I forgot to mention in my original post that in spite of some wording, there is no implicit assumption that there is automatically one better end of the spectrum. They just differ in scope, ambition and applicability…
In the comparative table below I have tried to sketch differences between the three groups as I see them now, even though I am not convinced that in particular the third category is giving a convincing and consistent picture.
|Worldview||Linear approaches to M&E of KM||Pragmatic approaches to M&E of KM||Emergent approaches to M&E of KM|
|Attitude towards monitoring||Measuring to prove||Learning to improve||Letting go of control toexplore natural relations and context|
|Logic||What you planned – what you did – what is the difference?||What you need – what you do à what comes out?||What you do – how and who you do it with – what comes out?|
|Chain of key elements||Inputs – activities –outputs – outcomes – impact||Activities – outcomes – reflections||Conversations – co-creations – innovations –transformations – capacities and attitudes|
|Key question||How well?||What then?||Why, what and how?|
|Key approach||Logical framework and planning||Trial and error||Experimentation and discourse|
|Attitude towards knowledge||Capture and store knowledge (stock)||Share knowledge (flow)||Co-create knowledge and apply it to a specific context|
|Component focus||Information systems and their delivery||Knowledge sharing approaches / processes||Discussions and their transformative potential|
|I, K or? What matters?||Information||Knowledge and learning||Innovation, relevance and wisdom|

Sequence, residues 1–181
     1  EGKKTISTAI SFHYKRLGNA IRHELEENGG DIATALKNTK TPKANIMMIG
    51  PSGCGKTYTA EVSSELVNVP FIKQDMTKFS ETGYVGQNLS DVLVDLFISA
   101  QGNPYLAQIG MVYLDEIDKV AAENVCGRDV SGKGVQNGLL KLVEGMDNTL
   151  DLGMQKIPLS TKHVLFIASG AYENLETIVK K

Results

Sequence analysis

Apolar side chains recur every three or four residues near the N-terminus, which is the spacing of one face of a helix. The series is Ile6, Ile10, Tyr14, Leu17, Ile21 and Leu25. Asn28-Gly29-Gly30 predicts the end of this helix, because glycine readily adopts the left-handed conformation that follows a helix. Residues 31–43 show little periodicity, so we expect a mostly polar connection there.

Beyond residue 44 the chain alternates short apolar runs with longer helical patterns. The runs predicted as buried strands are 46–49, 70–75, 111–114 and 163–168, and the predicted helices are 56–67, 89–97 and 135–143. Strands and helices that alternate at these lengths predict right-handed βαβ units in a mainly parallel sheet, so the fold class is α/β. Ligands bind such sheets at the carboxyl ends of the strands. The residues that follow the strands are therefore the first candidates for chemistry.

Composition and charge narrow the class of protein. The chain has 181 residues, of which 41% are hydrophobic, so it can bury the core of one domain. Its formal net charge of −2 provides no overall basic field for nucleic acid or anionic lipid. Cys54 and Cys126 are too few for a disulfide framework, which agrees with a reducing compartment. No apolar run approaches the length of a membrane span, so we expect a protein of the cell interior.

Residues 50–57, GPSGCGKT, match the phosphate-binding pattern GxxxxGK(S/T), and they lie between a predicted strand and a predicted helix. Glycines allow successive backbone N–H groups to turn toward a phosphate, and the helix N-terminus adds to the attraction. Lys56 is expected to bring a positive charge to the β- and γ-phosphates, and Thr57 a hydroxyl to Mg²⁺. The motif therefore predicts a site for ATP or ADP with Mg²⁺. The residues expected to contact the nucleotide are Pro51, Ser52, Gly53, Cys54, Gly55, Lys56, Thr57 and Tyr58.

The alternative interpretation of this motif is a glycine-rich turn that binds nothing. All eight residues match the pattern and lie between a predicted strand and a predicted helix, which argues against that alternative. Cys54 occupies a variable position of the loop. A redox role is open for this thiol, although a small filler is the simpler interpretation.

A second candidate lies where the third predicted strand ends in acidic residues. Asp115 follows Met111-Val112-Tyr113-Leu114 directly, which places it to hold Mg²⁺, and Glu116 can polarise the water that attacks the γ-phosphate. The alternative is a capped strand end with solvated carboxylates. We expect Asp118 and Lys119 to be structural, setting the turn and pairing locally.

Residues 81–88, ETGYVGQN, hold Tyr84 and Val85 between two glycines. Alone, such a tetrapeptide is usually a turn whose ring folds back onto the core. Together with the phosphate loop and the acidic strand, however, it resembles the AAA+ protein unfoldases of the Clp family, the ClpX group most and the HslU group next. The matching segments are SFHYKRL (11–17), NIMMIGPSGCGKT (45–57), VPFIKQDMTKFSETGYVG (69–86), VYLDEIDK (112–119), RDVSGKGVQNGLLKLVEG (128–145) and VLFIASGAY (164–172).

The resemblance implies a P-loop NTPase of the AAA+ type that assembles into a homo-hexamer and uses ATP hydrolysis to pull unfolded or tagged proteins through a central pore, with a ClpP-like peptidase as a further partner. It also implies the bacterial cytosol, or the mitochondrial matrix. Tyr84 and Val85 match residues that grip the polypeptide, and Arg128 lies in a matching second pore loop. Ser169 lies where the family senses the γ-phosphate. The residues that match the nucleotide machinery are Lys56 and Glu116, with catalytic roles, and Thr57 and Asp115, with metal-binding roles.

|Starting point of monitoring cycle||Expect as planned||Plan and see what happens||Let it be and learn from it|
|End point of monitoring cycle||Readjust same elements to the sharpest measure(single loop learning)||Readjust different elements depending on what is most relevant(double loop learning)||Keep exploring to make more sense, explore your own learning logic(triple loop learning)|
The very practical issue of budgeting does not come in the picture here but it definitely influences the M&E approach chosen and the intensity of M&E activities.
Finally, in relation with all the above, it seems easier to explain how a certain M&E framework has been built and the components it assesses. In the table below I tried to list the most obvious components that an M&E framework could encompass, in terms of the following sequence:
- Inputs, as in the resources invested and starting point of monitoring: What areas influence knowledge management and ought to be assessed in terms of their potential to influence positively or negatively any knowledge management initiative or any initiative involving the management of intangibles?
- Throughputs, as in the processes, activities and energies that are involved in any KM initiative.
- Outputs, as in the results of KM initiatives.
|Input (resources and starting point)||Throughput (work processes & activities)||Output (results)|
|- People (capacities)- Culture (values)
- Systems to be used
- Money / budget
|- Methods / approaches followed- Relationships
- (Co-)Creation of knowledge
- Rules, regulations, governance of KM
- Learning/innovation space
- Attitudes displayed
|- Creation of products & services- Appreciation of products & services
- Use/application of products & services
- Behaviour changes: doing different things, things differently or with a different attitude
- Application of learning (learning is fed back to the system)
Do you have any suggestion about all this? Does it make any sense? Does it help? Is it complete nonsense? Any suggestion would be helpful to make this synthesis piece a little easier to unpack…